5 Questions, 1 Artist: Ibrahim Ince

I am Ibrahim Ince, an aspiring artist and researcher from Cyprus in my final year of BA Fine Art with History of Art in University of Leeds. Producing and presenting ideas in visuals for fine art and in essays for art history have often occurred simultaneously and symbiotically, as I have studied diverse disciplines at once from classics to design & technology since high school. In the future, I want to continue balancing this duality through continuing my physical (curating or art-making) and theoretical practices. I have curated and showcased my works in exhibitions like ‘Keep Gazing’, ‘From Us’ and ‘Clump’ in North Britain’s academic institutions and ‘Marks of Anthropocene’ in Cyprus. Currently, I am developing a virtual reality project for Ars Electronica Festival set to occur in September.

  1. How do you define your work?

My artistic processes are intended to capsulise, fragment or erupt archival materials. I position myself as a ‘translator’ of untold stories and aim to reconfigure oral and optic traces under archives’ dust into a new form. Through dissecting my family’s repressed memories – often based on Cyprus’ violent internal conflict – I aim to find a catharsis in them; an artistic representation and resolution of deposited traumas.

I do not necessarily intend for audiences to know the exact background story behind each artefact but rather allow them to able to get the sense of the theme through elemental clues; feeling the artwork’s concept rather than complete understanding.

2. Where/ how/ who do you get inspiration from?

I come from an island exuding a polyphony of colonial histories, which have all left their material remains that can be seen in every contour of Cyprus. Consequently, I have always been inspired by the materialities and the mementoes representing the past. I find cultivation in the micro-histories of Cyprus, that of my ancestors’ experiences who have been subjected to war and loss; anachronistic stories which I only access the hints of from their archives or small talks.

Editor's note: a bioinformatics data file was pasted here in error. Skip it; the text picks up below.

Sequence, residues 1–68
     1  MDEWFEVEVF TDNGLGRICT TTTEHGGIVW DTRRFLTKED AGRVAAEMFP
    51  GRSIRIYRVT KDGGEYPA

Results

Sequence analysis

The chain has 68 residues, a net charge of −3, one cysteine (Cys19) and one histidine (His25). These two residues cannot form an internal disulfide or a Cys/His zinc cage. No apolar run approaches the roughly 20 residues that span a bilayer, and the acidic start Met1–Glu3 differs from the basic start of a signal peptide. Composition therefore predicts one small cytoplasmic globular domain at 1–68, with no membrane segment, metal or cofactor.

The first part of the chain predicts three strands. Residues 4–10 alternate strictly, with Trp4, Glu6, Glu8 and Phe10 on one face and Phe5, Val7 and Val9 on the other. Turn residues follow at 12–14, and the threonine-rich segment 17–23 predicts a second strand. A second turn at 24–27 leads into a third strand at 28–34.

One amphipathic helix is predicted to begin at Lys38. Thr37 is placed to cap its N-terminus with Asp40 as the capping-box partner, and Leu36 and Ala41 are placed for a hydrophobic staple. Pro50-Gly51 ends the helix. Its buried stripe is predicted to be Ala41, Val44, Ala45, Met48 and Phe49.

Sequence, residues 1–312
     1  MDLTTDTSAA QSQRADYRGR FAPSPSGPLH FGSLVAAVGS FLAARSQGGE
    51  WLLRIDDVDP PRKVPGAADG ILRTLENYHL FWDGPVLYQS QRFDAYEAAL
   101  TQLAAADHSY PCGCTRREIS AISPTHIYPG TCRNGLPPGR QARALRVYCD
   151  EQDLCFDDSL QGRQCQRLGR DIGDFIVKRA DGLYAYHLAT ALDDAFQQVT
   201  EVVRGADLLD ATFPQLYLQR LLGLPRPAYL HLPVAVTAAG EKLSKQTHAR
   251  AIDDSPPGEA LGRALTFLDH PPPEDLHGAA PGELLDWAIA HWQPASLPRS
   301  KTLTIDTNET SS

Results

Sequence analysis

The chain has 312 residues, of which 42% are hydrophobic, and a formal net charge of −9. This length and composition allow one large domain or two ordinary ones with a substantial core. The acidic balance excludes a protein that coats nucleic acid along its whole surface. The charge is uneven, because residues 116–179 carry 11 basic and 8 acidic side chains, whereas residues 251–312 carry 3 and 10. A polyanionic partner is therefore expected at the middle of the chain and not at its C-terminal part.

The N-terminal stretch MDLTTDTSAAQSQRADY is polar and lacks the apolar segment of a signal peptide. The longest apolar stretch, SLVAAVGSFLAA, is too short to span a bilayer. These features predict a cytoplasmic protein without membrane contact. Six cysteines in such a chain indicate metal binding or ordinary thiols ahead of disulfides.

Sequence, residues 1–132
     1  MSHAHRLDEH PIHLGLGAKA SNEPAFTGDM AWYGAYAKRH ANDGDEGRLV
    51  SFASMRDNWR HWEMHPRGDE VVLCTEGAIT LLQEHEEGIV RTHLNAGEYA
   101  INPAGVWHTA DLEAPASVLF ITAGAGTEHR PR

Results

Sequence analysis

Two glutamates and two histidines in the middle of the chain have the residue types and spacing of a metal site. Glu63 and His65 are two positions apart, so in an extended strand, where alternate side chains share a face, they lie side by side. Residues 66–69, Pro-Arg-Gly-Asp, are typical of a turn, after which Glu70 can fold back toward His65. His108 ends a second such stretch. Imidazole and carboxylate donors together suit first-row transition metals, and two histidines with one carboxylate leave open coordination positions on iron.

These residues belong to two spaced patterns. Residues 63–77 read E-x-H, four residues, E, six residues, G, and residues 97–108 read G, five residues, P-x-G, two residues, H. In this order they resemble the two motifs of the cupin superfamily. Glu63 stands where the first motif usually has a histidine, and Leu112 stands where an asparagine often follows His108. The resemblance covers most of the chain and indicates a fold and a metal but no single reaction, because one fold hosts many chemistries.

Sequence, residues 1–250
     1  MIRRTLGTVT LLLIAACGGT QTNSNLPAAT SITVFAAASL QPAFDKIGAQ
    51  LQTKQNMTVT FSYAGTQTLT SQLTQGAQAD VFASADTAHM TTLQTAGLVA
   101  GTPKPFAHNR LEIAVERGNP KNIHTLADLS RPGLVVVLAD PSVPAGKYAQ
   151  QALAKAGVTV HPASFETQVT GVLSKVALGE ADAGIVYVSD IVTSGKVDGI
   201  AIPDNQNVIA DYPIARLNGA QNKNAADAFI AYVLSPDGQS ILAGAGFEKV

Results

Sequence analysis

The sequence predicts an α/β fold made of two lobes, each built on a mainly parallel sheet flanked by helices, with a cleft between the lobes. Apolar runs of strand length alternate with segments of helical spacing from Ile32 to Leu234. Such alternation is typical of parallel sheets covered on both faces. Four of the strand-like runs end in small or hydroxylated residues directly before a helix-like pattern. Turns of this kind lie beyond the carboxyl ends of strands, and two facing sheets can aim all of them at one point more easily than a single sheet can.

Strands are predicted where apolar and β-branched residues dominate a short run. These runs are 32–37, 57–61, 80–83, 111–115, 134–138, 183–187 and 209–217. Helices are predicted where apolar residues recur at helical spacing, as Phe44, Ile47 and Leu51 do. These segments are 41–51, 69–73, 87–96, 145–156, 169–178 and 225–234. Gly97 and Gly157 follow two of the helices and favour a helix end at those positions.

The idea of what an archive could be broadens with the evolution of my practice as, currently, I dissect my own cognitive ‘archives’ – memories; the intra-personal recollections of love and longing.

3. Best career decision you have made to-date?

Perhaps, the best decision I have made in terms of my artistic practice was to initiate an arrangement to experiment in my university’s chemistry lab, specifically to learn ways of producing crystals. This led me to discover unrealised paths of multi-disciplinary thinking, where I started to integrate the facilities and the mediums of sciences into my art production. As my lecturer Dr. Liz Stainforth so aptly puts it, both artistic and scientific approaches can give rise to forms of ‘cultural production’, which feed off each other.

4. If you could have done something differently in your career to date, what would it be?

I want to extend my comfort zone of who has access to my works; to share what I do not just in studio crits or exhibition spaces, but also on social media to open the projects up to the network of a broader digital public. This seems like a fairly simple task, but sharing such delicate concepts like personal and family narrations for everyone to see – not just the people who choose to see, as it would be in a gallery – requires courage.

5. Any advice for young designers / creatives?

As Roland Barthes might utter, do not let ‘the death of the author’ to occur when you are producing the work by blurring your clarity through pondering too much upon what audiences might think. Additionally, I learn as time passes that it is much more stimulating if the spectatorship is not limited to a certain bubble of artists, tutors and curators. Ask disparate people to review your work; anyone from your grandparents, to your friend who is not interested in art; all walks of life will bring unexpected perspectives.

Instagram: @iboince

Portfolio: https://issuu.com/ibrahim.ince/docs/portfolio